6. A system for mirroring transaction data within a network environment, comprising:
a first authentication subsystem having a first mirroring subsystem, said first authentication subsystem operative to receive a service request from a network user, and to authenticate said network user within said network environment, said first mirroring subsystem operative to transmit a mirror request in real-time within said network environment, said mirror request corresponding to said service request; and
a second authentication subsystem coupled to said first authentication subsystem and having a second mirroring subsystem, said second mirroring subsystem receiving said mirror request from said first mirroring subsystem, said mirror request allowing said second authentication subsystem to subsequently authenticate said network user within said network environment,
wherein said first authentication subsystem maintains a peer list including a list of peer authentication systems such as said second authentication subsystem, said first authentication subsystem being further operative to send said mirror request to each peer authentication system listed on said list of peer authentication systems.
7. A system for mirroring transaction data within a network environment, comprising:
a first authentication subsystem having a first mirroring subsystem, said first authentication subsystem operative to receive a service request from a network user, and to authenticate said network user within said network environment, said first mirroring subsystem operative to transmit a mirror request in real-time within said network environment, said mirror request corresponding to said service request; and
a second authentication subsystem coupled to said first authentication subsystem and having a second mirroring subsystem, said second mirroring subsystem receiving said mirror request from said first mirroring subsystem, said mirror request allowing said second authentication subsystem to subsequently authenticate said network user within said network environment,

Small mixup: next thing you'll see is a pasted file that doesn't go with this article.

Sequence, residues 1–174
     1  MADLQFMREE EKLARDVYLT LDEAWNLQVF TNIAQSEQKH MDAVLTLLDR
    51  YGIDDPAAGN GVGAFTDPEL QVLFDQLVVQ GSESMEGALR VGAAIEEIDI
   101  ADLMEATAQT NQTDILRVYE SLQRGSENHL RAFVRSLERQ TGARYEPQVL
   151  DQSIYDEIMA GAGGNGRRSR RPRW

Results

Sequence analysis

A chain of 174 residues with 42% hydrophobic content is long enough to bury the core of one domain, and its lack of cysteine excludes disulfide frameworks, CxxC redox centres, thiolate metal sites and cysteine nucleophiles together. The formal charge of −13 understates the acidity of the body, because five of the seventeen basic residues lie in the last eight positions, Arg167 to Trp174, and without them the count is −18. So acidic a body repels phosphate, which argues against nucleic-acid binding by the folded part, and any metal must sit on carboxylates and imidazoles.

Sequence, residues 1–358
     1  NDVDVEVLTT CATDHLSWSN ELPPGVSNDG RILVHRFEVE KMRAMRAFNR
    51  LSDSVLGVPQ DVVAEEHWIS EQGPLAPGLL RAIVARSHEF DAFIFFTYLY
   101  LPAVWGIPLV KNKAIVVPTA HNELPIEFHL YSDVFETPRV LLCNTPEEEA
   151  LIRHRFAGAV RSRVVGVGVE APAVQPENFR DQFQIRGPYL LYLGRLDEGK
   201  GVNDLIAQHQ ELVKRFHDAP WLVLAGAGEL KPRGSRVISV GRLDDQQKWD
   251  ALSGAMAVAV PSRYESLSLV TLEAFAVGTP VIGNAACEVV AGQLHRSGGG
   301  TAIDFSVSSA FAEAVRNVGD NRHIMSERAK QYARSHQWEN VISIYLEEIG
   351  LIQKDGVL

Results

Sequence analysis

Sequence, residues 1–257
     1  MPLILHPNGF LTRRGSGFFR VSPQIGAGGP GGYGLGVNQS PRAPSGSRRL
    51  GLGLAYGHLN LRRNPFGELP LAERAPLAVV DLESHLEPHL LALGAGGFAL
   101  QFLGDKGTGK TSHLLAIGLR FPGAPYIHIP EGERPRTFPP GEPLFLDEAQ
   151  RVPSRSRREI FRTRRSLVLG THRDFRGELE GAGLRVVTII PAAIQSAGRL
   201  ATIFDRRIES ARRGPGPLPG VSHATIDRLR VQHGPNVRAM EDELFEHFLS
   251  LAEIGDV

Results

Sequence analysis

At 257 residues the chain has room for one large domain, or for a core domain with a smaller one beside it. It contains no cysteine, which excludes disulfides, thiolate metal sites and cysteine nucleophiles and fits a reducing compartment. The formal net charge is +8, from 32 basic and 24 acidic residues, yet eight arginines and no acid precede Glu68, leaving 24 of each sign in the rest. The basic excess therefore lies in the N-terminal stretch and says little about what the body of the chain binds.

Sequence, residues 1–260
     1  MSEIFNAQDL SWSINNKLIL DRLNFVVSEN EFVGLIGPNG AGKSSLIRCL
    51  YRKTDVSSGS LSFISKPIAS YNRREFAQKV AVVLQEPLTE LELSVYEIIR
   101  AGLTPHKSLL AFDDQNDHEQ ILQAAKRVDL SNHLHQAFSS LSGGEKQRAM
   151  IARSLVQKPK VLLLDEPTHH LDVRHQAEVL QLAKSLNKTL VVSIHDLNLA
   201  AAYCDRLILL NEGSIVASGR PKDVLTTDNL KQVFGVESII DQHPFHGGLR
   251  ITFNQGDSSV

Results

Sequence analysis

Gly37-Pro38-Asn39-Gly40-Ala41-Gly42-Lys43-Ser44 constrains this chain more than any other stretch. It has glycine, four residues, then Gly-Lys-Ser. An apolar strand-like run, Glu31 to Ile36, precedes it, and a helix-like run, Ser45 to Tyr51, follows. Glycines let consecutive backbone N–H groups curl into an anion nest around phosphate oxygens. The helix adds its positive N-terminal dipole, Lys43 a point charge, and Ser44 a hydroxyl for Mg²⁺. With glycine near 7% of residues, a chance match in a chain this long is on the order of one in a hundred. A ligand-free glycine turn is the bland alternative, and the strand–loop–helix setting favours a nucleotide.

wherein said first authentication subsystem and said second authentication subsystem further include respective first and second transaction managers, said first and second transaction managers are operative to service said user by designating particular network resources within said network environment based on said service request.
8. A system for mirroring transaction data in real-time within a network environment, comprising:
a plurality of authentication subsystems, each authentication subsystem having a data storage subsystem and a processor, said processor configured to receive a service request from a network user, to authenticate said network user with said network environment in accordance with said service request, said service request causing a state stored within said data storage subsystem and related to said network user to change, said processor further operative to transmit a mirror request in real-time within said network environment, to receive another mirror request from another authentication subsystem of said plurality of authentication subsystems, and to allow said processor to subsequently authenticate said network user within said network environment in accordance with said other mirror request,
wherein said mirror request is transmitted within said network environment when a particular authentication subsystem determines that said service request will require that said plurality of authentication subsystems are to be mirrored.